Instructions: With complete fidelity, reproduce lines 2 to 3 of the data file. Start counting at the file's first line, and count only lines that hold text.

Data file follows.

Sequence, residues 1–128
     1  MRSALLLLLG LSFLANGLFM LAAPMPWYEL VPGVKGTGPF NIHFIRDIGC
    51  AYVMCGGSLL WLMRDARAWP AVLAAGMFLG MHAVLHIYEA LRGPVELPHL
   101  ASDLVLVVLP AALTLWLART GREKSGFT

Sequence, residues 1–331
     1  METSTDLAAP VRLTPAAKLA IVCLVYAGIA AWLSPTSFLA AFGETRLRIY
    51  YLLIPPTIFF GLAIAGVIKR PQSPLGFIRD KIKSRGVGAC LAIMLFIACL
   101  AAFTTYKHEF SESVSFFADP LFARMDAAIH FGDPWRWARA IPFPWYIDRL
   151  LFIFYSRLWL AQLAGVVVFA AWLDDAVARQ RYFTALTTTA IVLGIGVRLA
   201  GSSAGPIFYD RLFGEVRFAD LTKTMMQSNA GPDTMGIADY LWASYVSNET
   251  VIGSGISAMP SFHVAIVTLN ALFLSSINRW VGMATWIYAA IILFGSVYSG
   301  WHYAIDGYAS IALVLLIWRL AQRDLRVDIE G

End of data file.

     1  MRSALLLLLG LSFLANGLFM LAAPMPWYEL VPGVKGTGPF NIHFIRDIGC
    51  AYVMCGGSLL WLMRDARAWP AVLAAGMFLG MHAVLHIYEA LRGPVELPHL